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Tammi and Eston Mayberry, Dax Turner, Mariah Grimes, Seth Paul and Suzanne Bidek, from left, enjoy Pints and Pedals in downtown Chattanooga along with owner Chris Brown in back.

Pints and Pedals

What it is: Pub crawl on wheels that patrons power by peddling like a bike

Size: 30-foot-long bike accommodates up to 15 passengers

Rates: $25 per person, or $250 for the entire 15-person bike on weekdays and $290 on weekend nights

Length of tours: Two hours, usually traveling to three to five bars

Location: Downtown and Southside

Contact: On the web www.pintsandpedalstn.com or call 423-380-8359

After 10 years and more than $600,000 out of his family's pocket, local entrepreneur Chris Brown realized he only had to go as far as the downtown bars to find a way to help his brother.

Justin Brown was diagnosed with Reflex Sympathetic Dystrophy Syndrome when he was 23 years old and has been bedridden for most of his life ever since.

The debilitating chronic neurological condition, onset following a surgery, requires many treatments not covered by insurance policies including ketamine infusions to control otherwise unbearable pain.

At approximately $1,000 per infusion, Justin's severe case of nervous system malfunctioning causes relentless pain and is costly, rare and misunderstood.

"My parents' retirement is gone," Chris said. "They've dedicated their lives to him and my goal with Pints and Pedals is to support them as much as I can. They should be able to sit back and relax at this point and that's why I do Pints and Pedals and everything else I do."

The idea for the business was hatched several years ago after Chris, who also works in marketing for a consumer health care company, saw a similar concept in another state. In the fall of 2013, Chris made his business plan a reality with the help of several partners including his girlfriend, Suzanne Bidek.

However, the tour concept faced several setbacks, including the discovery that city ordinances would not permit the roaming 15-seater bike to bring beer on board. In April of 2014, city ordinance was changed to allow the pedi cab bar tour vehicle to include beer on the bike, which is often used to transport patrons between downtown night spots.

Since the beer policy change, Chris said, the business has proved profitable.

"My portion of the ownership goes directly back to my family to help Justin My brother told me I couldn't have started a cooler business to help him through this," he said with a laugh.

But as business improved for the brother in Chattanooga, his ailing sibling in Pennsylvania was suffering in his parents' Fort Washington, Penn., home.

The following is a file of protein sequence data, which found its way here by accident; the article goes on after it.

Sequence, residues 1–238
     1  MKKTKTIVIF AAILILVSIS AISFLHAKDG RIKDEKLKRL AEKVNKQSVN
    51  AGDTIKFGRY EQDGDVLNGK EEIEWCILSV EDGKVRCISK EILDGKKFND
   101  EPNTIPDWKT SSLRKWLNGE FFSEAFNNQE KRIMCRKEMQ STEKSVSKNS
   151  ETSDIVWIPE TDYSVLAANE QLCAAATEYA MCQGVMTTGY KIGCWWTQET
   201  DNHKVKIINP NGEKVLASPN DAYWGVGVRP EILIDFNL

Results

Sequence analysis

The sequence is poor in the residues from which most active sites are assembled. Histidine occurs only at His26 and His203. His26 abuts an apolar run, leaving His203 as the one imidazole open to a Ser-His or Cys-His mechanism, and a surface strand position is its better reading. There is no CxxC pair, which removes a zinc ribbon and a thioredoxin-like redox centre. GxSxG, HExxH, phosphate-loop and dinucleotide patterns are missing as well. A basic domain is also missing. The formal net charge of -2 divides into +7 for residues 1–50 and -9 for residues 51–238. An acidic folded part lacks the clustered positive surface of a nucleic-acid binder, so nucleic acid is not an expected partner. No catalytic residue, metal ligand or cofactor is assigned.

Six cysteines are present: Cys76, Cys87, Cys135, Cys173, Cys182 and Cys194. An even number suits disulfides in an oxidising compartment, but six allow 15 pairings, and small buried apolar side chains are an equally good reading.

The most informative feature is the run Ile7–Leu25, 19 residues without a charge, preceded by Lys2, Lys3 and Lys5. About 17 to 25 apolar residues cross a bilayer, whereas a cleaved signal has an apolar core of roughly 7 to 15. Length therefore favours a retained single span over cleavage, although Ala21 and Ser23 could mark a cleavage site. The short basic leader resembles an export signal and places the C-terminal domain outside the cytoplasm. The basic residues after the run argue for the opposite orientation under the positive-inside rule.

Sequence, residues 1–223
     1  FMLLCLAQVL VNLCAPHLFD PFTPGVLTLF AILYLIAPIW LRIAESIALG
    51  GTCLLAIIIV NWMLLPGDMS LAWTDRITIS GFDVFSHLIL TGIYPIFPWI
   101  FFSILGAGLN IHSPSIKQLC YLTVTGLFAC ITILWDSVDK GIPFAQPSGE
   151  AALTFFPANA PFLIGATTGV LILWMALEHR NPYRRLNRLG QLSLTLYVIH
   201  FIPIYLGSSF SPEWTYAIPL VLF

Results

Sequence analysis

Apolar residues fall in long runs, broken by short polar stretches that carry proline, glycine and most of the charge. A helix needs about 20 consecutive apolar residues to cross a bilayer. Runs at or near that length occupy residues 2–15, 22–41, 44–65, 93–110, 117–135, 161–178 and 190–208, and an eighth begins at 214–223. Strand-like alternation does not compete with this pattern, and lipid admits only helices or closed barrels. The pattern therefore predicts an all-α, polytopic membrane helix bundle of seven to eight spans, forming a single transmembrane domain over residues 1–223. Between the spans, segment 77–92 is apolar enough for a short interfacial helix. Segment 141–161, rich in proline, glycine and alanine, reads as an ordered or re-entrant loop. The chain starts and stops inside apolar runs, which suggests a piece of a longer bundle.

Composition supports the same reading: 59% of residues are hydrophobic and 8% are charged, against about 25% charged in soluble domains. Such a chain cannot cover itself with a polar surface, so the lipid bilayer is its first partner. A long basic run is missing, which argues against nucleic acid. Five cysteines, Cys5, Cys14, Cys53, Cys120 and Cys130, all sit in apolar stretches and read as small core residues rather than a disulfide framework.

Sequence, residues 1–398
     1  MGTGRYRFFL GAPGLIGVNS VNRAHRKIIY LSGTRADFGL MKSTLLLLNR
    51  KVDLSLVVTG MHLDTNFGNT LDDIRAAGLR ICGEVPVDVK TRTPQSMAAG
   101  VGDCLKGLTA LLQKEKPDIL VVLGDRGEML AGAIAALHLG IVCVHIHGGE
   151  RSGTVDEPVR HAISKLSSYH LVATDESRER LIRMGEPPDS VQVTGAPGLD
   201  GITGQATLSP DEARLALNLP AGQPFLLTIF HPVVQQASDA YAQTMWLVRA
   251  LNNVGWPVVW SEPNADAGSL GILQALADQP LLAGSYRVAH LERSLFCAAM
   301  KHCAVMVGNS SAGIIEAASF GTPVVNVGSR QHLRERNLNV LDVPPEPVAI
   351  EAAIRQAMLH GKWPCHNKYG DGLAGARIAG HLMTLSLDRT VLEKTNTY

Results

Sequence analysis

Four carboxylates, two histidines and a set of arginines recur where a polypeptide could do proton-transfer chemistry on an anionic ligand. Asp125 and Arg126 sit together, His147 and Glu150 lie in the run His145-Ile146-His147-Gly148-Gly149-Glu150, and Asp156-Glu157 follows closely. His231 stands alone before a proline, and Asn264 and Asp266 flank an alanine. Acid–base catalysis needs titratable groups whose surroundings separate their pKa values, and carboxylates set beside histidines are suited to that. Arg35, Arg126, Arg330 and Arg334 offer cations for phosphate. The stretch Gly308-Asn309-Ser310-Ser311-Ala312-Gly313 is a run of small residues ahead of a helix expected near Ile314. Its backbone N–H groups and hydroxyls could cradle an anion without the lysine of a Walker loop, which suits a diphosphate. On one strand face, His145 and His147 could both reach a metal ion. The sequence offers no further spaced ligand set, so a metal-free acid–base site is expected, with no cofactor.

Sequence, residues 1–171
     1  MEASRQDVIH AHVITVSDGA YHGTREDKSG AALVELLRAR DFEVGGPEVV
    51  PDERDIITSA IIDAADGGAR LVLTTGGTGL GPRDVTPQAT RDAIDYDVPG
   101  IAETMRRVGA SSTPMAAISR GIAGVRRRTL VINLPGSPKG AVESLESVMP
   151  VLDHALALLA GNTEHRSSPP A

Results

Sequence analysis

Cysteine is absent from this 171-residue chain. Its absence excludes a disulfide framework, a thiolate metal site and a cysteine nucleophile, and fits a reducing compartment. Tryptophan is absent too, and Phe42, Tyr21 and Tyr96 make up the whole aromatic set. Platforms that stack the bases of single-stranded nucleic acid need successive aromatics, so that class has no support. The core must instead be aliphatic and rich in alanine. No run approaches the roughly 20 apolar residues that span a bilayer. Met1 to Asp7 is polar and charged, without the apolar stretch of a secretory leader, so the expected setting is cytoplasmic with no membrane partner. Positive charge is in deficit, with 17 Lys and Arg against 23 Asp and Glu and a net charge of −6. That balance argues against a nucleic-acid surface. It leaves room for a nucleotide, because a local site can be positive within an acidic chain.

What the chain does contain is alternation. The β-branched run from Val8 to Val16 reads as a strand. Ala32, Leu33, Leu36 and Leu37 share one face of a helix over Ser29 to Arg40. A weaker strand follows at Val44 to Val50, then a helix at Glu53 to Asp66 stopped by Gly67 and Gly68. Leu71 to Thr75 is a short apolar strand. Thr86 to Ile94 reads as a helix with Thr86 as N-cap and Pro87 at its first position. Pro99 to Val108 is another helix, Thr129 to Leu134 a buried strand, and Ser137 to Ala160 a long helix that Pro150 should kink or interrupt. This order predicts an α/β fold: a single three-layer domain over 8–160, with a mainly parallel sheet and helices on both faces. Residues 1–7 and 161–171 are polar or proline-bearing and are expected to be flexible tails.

"Justin has been deteriorating physically to the point that doctors are concerned he may never recover at all. The fear is a medication could be found to help, but he would be too far gone," he said.

To help control Justin's pain, dilaudid one of the most powerful pain pills available and a cocktail of other medications are given consistently. Warm water therapy is thought to be the best treatment option to rebuild his atrophying muscles, Chris said.

Outside of the business, the Brown family started a fundraising campaign on website YouCaring tp fund the warn water therapy pool. As of Friday, the crowdsourcing campaign had already raised $87,430, topping the $85,000 goal, with a few more days to go in the drive.

"They live in the northeast and the weather is not conducive to taking him outside at all," Chris said. "He slipped and fell last year and was screaming and screaming and just in horrible pain."

"When I started this fundraising campaign in September, I think the only person who didn't believe we could do this was me," he said. "This is our Christmas miracle this year. We're just hoping this will help Justin start on the long, slow road to recovery."

Now that the pool is paid for, Chris said his goal is to make enough money from his portion of the Pints and Pedals profit to cover Justin's $1,000 ketamine infusions. With the added pain of rebuilding muscles with therapy, ketamine doses could be required more frequently, he said.

For now, Justin passes his time watching TV and listening to his parents read to him he is unable to pick up a book himself.

"Ten years ago I was excited about graduating from college, starting my career, travelling with friends and starting a family That has all been taken away from me," Justin said in an email from his Pennsylvania home. "I now live in one room in my parents' house and almost never get outside because of the pain of moving and cannot perform any routine daily functions without help."

In spite of his current physical condition, he said he has not given up.

"I believe that giving up is not an option and that someday I will get better," he said. "The commitment my family and friends have to helping me recover from RSD inspires me to get better."

Chris said he has no plans to slow his growing business, which pulls both local and tourist interest. One day, he said, he hopes to cover all of his brother's medical costs with the Pints and Pedals revenue until a cure can be found.

"He's faced this for almost 10 years and he still talks about 'When I get better' because his spirit is so incredible," he said. "This is the least I can do."

Contact Gabrielle Chevalier at gchevalier@timesfreepress.com or call 757-6439.

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